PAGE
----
“Credit scoring is one of the reasons why consumer credit absolutely exploded in the 1990s. Lenders felt more confident about making loans to wider groups of people because they had a more precise tool for measuring risks.” As a bonus read, you can see the (unattended?) consequences of the U.S. consumer credit explosion and the impact our addiction to debt has had on our households in my review of The Two-Income Trap: Why Middle-Class Parents are Going Broke by Elizabeth Warren. Trigger Warning: It aint pretty.
What You Need to Know About Your Credit Score
“When you apply for credit, you authorize the lender to view your credit history. This is known as a “hard inquiry” and can affect your credit score.” Soft inquiries are typically made when lenders simply want to view or pre-approve you for potential offers of credit, like marketing materials. Soft inquiries do not impact your credit score.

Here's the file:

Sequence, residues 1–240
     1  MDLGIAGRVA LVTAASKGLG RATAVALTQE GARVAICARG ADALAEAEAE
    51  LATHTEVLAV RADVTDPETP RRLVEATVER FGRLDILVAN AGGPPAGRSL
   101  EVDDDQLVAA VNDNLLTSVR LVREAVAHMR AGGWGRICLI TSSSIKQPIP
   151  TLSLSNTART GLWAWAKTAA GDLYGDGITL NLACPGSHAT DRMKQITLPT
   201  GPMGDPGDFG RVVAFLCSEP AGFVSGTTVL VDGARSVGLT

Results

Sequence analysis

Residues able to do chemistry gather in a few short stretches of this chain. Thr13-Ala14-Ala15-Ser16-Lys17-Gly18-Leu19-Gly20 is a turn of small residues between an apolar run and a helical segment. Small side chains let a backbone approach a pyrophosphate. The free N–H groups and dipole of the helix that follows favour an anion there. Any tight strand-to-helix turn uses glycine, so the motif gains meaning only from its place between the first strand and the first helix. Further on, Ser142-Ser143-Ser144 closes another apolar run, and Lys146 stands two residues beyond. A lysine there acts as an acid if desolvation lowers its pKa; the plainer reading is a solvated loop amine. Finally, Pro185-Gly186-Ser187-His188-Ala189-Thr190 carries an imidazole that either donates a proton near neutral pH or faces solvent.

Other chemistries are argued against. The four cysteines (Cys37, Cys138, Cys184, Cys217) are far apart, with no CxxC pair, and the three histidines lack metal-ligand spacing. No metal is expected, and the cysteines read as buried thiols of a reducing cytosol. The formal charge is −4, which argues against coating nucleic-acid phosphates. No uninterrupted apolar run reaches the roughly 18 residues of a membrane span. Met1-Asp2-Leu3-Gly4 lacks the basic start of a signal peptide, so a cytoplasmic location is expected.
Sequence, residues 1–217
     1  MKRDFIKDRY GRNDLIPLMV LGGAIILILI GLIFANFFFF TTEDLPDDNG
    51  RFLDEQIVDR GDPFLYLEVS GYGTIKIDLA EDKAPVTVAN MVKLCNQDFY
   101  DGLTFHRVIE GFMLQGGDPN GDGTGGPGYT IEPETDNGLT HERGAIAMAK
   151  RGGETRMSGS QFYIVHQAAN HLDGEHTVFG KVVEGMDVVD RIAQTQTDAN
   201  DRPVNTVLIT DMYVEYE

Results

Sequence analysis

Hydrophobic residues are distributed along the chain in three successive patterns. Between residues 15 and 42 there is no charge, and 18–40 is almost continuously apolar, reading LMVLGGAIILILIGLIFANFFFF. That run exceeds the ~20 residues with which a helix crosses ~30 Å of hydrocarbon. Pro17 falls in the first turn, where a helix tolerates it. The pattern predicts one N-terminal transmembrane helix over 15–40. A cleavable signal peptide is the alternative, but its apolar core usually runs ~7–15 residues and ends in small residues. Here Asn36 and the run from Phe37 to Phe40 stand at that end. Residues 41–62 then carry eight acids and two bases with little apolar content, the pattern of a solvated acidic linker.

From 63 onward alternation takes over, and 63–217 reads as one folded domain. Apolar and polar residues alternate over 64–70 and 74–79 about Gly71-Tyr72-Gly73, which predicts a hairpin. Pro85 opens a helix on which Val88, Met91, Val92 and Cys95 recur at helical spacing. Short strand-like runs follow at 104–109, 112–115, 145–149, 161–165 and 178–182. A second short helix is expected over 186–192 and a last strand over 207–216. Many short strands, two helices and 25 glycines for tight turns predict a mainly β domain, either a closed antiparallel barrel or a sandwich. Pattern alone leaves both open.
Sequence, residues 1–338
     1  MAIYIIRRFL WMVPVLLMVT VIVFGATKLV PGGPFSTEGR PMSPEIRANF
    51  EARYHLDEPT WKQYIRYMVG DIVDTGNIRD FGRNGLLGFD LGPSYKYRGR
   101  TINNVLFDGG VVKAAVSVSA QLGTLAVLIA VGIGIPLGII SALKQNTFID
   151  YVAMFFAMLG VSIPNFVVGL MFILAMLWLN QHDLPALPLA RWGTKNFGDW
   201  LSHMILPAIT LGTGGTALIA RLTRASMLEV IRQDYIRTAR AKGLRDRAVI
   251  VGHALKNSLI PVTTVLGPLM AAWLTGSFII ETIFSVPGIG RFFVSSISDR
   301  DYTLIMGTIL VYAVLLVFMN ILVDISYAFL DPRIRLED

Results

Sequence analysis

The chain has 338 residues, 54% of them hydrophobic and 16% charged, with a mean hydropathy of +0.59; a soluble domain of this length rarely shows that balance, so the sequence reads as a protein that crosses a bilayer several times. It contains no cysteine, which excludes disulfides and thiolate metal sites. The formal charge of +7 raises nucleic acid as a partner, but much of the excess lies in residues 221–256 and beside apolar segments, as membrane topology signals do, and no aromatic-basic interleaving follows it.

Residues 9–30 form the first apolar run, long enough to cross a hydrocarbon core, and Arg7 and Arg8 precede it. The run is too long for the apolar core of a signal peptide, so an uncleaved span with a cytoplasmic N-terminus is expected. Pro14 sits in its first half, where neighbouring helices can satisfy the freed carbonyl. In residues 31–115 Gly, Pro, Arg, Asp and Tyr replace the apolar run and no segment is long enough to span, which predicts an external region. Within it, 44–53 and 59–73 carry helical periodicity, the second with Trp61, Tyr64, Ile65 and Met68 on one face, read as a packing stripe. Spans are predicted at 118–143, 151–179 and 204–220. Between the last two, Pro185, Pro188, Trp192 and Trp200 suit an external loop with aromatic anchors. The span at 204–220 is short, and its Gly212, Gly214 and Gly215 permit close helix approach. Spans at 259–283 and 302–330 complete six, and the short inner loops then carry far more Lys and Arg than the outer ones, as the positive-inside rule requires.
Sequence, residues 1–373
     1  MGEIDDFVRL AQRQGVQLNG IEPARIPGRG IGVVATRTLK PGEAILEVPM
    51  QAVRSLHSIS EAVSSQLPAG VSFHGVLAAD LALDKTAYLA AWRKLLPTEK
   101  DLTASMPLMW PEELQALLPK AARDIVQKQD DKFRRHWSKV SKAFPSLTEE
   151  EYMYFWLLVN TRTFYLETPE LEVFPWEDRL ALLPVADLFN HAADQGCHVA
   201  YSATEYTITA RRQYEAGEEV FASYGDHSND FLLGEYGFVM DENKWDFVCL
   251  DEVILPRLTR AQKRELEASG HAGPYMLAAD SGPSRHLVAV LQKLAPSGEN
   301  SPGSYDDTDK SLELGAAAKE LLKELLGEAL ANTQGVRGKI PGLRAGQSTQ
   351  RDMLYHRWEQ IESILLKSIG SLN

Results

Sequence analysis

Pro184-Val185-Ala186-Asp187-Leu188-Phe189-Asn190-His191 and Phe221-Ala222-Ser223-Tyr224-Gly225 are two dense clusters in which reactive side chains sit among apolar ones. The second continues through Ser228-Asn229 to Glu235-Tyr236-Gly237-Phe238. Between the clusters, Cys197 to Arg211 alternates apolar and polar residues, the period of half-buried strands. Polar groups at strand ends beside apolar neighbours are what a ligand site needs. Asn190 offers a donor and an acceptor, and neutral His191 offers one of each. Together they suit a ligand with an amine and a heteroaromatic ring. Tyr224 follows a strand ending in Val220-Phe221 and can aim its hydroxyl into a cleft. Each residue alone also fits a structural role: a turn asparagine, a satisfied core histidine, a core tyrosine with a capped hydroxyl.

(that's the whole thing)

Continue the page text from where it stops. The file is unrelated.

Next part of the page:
If you already have good credit (740+), “Adding a spouse or child to your credit card as an authorized user has long been a good way to boost that person’s credit score because your good history with the account could be imported to their credit file.” Liz recommends prioritizing your debts by how close the balances are to the account’s limits, and then following three basic rules for improving your credit score in the next 30 to 60 days (whatever you do, don’t cash out a 401k or withdraw money from an IRA):
- Pay bills on time
- Pay down your debt
- Don’t open too many new accounts too quickly
We covered more tips on how to rebuild your credit in our interview with CBS News. For instance, Experian’s advice for maintaining a high credit score is based on the following contributing factors:
- Your payment history (35 percent)
- Your debt usage ratio: how much you owe in relation to your credit limit (30 percent)
- How far back your credit history goes (15 percent)
- New credit (10 percent)
- Your mix of various types of credit (10 percent)